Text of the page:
Chapter V  Relations between common education and changes in society

 

 

 

Section 1  Common education and social change

 

 

 

 Previous Prime Ministers and Ministers of Education (Culture, Sports, Science and Technology) have promoted education reform throughout history, carrying the motto “meeting with the changes of society.”

 

 For instance, the former Minister of Education, Mr. Kennoki, questioned the Central Education Council by “responding to the development of national society in the future.” The former Prime Minister, Mr. Nakasone, questioned the direction of education reform to the provisional council for education in 1984, due to the “rapid changes in society.” In 2001, the former Minister of Education, Culture, Sports, Science and Technology, Mr. Toyama, stated “education shall be sought tether can respond to dramatic changes in society” and questioned the Central Education Council about “the modality of the Basic Act on Education suitable to a new era.” Would the modality of education have to be reformed according to changes in society?

 

 An American Philosopher, John Dewey (1859-1952) wrote in a book titled “School and Society” that education is a drive for social advancement. Does education have to contribute to social reform?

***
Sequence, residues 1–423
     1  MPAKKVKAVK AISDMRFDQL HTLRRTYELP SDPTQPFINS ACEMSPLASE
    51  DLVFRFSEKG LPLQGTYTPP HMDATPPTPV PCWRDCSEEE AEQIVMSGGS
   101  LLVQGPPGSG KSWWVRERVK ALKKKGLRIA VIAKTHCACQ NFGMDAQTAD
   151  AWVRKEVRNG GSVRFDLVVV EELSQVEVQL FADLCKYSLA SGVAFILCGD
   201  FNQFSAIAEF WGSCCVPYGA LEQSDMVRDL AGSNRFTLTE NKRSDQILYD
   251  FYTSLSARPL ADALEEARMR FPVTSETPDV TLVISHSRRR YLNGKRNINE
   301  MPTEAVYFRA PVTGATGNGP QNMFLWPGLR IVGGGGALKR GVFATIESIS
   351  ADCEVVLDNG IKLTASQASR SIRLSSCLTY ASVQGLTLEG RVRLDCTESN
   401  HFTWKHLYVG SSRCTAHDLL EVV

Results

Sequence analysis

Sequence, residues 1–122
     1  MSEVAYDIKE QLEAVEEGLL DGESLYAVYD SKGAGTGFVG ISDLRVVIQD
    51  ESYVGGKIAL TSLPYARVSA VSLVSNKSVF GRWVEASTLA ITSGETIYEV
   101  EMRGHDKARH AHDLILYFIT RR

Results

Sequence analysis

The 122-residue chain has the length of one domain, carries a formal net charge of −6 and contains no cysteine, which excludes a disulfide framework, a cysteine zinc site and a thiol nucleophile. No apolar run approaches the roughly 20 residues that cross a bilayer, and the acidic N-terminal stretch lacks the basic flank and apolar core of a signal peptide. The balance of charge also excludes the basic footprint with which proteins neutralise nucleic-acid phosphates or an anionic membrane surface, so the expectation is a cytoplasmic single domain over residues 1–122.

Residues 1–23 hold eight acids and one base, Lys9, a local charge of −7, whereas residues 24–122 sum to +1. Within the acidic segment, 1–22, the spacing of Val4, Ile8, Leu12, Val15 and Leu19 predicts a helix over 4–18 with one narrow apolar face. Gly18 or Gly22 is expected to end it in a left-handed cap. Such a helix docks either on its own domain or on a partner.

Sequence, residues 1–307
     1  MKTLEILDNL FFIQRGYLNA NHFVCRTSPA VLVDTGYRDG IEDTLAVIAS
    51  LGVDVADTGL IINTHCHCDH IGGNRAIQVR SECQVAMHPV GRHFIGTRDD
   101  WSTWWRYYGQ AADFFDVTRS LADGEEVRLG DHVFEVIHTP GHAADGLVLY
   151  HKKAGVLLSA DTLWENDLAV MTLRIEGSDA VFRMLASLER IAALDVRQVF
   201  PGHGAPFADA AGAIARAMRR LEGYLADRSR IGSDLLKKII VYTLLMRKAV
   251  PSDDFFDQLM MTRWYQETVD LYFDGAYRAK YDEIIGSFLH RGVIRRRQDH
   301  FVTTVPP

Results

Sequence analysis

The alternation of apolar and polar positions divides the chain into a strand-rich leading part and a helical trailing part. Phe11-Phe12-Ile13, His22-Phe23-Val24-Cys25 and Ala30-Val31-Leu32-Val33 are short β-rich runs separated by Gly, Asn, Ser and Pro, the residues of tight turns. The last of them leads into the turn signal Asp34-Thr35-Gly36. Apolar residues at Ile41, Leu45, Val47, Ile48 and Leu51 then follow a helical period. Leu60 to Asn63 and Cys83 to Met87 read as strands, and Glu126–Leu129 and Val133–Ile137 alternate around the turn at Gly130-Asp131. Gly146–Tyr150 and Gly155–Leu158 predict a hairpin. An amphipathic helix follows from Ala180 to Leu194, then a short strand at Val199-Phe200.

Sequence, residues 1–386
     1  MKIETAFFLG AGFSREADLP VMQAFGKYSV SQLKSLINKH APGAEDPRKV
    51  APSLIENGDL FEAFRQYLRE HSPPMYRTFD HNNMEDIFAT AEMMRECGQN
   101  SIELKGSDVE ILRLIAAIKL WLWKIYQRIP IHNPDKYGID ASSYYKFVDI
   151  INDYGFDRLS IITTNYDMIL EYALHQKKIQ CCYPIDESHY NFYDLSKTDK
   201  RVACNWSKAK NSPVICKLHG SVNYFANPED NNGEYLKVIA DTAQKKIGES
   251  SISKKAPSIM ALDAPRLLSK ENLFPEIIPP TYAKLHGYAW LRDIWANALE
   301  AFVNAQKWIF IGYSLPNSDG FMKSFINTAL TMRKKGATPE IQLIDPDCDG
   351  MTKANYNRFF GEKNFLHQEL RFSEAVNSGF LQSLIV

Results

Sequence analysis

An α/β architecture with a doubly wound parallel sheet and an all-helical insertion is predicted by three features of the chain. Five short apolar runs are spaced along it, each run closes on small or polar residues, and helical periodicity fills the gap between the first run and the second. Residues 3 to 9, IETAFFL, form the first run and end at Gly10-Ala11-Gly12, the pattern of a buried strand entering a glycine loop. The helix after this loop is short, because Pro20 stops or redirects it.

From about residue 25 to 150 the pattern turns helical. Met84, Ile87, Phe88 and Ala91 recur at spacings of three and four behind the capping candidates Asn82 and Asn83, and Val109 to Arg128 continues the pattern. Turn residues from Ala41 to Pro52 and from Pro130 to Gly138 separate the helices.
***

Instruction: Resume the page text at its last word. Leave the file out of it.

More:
Education for children tends to follow the way of society at the time, regardless of different situations and beliefs in those schools of thought.

 

 The preamble of the Basic Act on Education, 1947, states “the realization of this ideal shall depend fundamentally on the power of education.” This preamble is emphasizing the importance of education in realizing the principle of citizens’ sovereignty, basic human rights, the right to live in peace etc.; in other words, education is significantly important for the development of society. However, it still remains questionable how the relation between the idealism of society and education are understood.

 

 The Japanese Constitution regards the relations between social idealism or advancement and education as twofold.

 

 It is due to the fact that the education clause is stipulated on both sides of education and common education.

 

 The owner of right is citizen, no matter if it is basic human rights or the right to live in peace. Therefore, citizens shall make the effort to learn or educate themselves in order to become practitioners of those rights. In this sense, the first clause of Article 26 stipulates the right to receive education.

 

 At the same time, the second clause of the Article stipulates that citizens own the responsibility to let their children receive common education.